9/11 Timeline: Revisiting the September 11 Attacks at World Trade Center, Pentagon, Flight 93

The attacks on September 11, 2001, were a defining moment in millions of lives. Eighteen years later, people still pause to remember the events of that day and their global impact.

Wednesday marked the 18th anniversary of the terrorist attacks that claimed the lives of almost 3,000 people at the World Trade Center, Pentagon and on United Airlines Flight 93. Each year, remembrance services are held in New York City, Washington, D.C. and Shanksville, Pennsylvania, where Flight 93 crashed.

While an unforgettable moment for millions of people, as the years pass, the population of those too young to remember that fateful Tuesday morning grows. Therefore, similarly to other historic events, it becomes increasingly important to remember the circumstances of that day to preserve the memory of its thousands of victims and heroes.

9/11 attacks timeline world trade center
A hijacked commercial plane crashes into the World Trade Center on September 11, 2001, in New York. Wednesday marked the 18th anniversary of the attacks. SETH MCALLISTER/AFP/Getty

Timeline of Events

5:45 a.m.: Hijackers Mohamed Atta and Abdul Aziz al-Omari board a flight at Portland International Jetport in Maine, later connecting to American Airlines Flight 11 at Boston Logan International Airport.

7:49 a.m.: Flight 11 takes off.

8:15 a.m.: United Airlines Flight 175 takes off from Boston, bound for Los Angeles.

8:20 a.m.: American Airlines Flight 77 takes off from Washington Dulles International Airport.

8:24 a.m.: Atta broadcasts a message to air traffic control, "We have some planes. Just stay quiet and you will be okay." The captain of Flight 175, United Airlines pilot Victor J. Saracini, picks up Atta's transmission from Flight 11 and informs the Federal Aviation Administration.

8:37 a.m.: Boston's air traffic control center alerts the Air Force's Northeast Air Defense Sector to Atta's message. Air National Guard jets are mobilized to follow Flight 11.

8:42 a.m.: United Airlines Flight 93 takes off from Newark International Airport.

8:46 a.m.: Flight 11 crashes into floors 93 through 99 of the north tower of the World Trade Center. Responders mobilize.

8:50 a.m.: President George W. Bush is notified of the attacks while visiting an elementary school in Florida.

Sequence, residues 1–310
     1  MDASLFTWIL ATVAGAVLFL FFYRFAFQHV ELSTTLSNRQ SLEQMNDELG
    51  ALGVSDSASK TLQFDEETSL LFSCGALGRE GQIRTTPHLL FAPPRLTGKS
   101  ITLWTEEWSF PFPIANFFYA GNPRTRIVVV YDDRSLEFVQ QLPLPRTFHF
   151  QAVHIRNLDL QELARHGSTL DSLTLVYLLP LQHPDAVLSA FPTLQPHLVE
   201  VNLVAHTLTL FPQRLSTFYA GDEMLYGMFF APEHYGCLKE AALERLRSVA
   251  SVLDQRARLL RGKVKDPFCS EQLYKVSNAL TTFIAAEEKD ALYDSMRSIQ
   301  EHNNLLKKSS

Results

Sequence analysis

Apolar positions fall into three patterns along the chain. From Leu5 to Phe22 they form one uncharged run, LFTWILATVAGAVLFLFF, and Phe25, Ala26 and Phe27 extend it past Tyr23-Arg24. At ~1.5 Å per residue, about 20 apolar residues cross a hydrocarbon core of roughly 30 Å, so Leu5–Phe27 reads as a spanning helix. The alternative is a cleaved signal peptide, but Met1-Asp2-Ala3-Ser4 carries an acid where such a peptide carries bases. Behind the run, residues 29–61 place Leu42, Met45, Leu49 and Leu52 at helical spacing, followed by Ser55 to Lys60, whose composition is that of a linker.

8:52 a.m.: A flight attendant on Flight 175 informs a United Airlines operator that the flight has been hijacked.

8:59 a.m.: Port Authority Police Department Sergeant Al Devona orders the twin towers to be evacuated.

9:03 a.m.: United Airlines Flight 175 crashes into floors 77 through 85 of the south tower of the World Trade Center.

9:05 a.m.: Bush is informed a second plane hit the south tower.

9:12 a.m.: Passengers on Flight 77 call their loved ones to tell them the plane was hijacked.

9:37 a.m.: American Airlines Flight 77 crashes into the Pentagon.

9:42 a.m.: The Federal Aviation Administration (FAA) grounds all flights.

9:45 a.m.: The White House and Capitol are evacuated.

9:58 a.m.: Flight 93 passenger Edward P. Felt uses his cell phone to dial 9-1-1 and inform emergency operators of the hijacking.

9:59 a.m.: The south tower collapses.

10:03 a.m.: Passengers on United Airlines Flight 93 attack the hijackers aboard their plane in an attempt to seize control. The hijackers crash the plane into a field near Shanksville, Pennsylvania.

10:15 a.m.: The Pentagon's E Ring collapses.

10:28 a.m.: The north tower collapses.

11:02 a.m.: New York City Mayor Rudolph Giuliani orders the evacuation of Lower Manhattan.

12:16 p.m.: United States airspace is closed.

12:30 p.m.: A group of survivors is found in the lower section of the North Tower's stairwell B.

5:20 p.m.: The building at 7 World Trade Center collapses.

8:30 p.m.: Bush addresses the nation from the White House.

At the World Trade Center, 2,753 people were killed. An additional 184 perished at the Pentagon, and 40 were killed when Flight 93 crashed in Pennsylvania. Eighteen years later, first responders are still dealing with the mental and physical effects of clearing the wreckage at ground zero. According to ABC News, more than 200 people have died from illnesses related to the attacks.